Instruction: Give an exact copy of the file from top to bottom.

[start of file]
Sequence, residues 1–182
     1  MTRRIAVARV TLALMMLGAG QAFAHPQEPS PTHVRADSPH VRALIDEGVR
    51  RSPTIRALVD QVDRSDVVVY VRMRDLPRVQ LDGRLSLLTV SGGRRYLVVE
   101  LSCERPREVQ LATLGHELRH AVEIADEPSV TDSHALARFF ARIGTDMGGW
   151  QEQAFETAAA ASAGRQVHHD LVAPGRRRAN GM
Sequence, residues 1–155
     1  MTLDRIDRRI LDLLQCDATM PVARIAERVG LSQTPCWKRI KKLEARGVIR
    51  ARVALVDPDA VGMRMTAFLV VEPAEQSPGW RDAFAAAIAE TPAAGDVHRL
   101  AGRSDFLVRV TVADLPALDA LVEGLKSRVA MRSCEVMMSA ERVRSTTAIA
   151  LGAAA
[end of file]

Sequence, residues 1–182
     1  MTRRIAVARV TLALMMLGAG QAFAHPQEPS PTHVRADSPH VRALIDEGVR
    51  RSPTIRALVD QVDRSDVVVY VRMRDLPRVQ LDGRLSLLTV SGGRRYLVVE
   101  LSCERPREVQ LATLGHELRH AVEIADEPSV TDSHALARFF ARIGTDMGGW
   151  QEQAFETAAA ASAGRQVHHD LVAPGRRRAN GM
Sequence, residues 1–155
     1  MTLDRIDRRI LDLLQCDATM PVARIAERVG LSQTPCWKRI KKLEARGVIR
    51  ARVALVDPDA VGMRMTAFLV VEPAEQSPGW RDAFAAAIAE TPAAGDVHRL
   101  AGRSDFLVRV TVADLPALDA LVEGLKSRVA MRSCEVMMSA ERVRSTTAIA
   151  LGAAA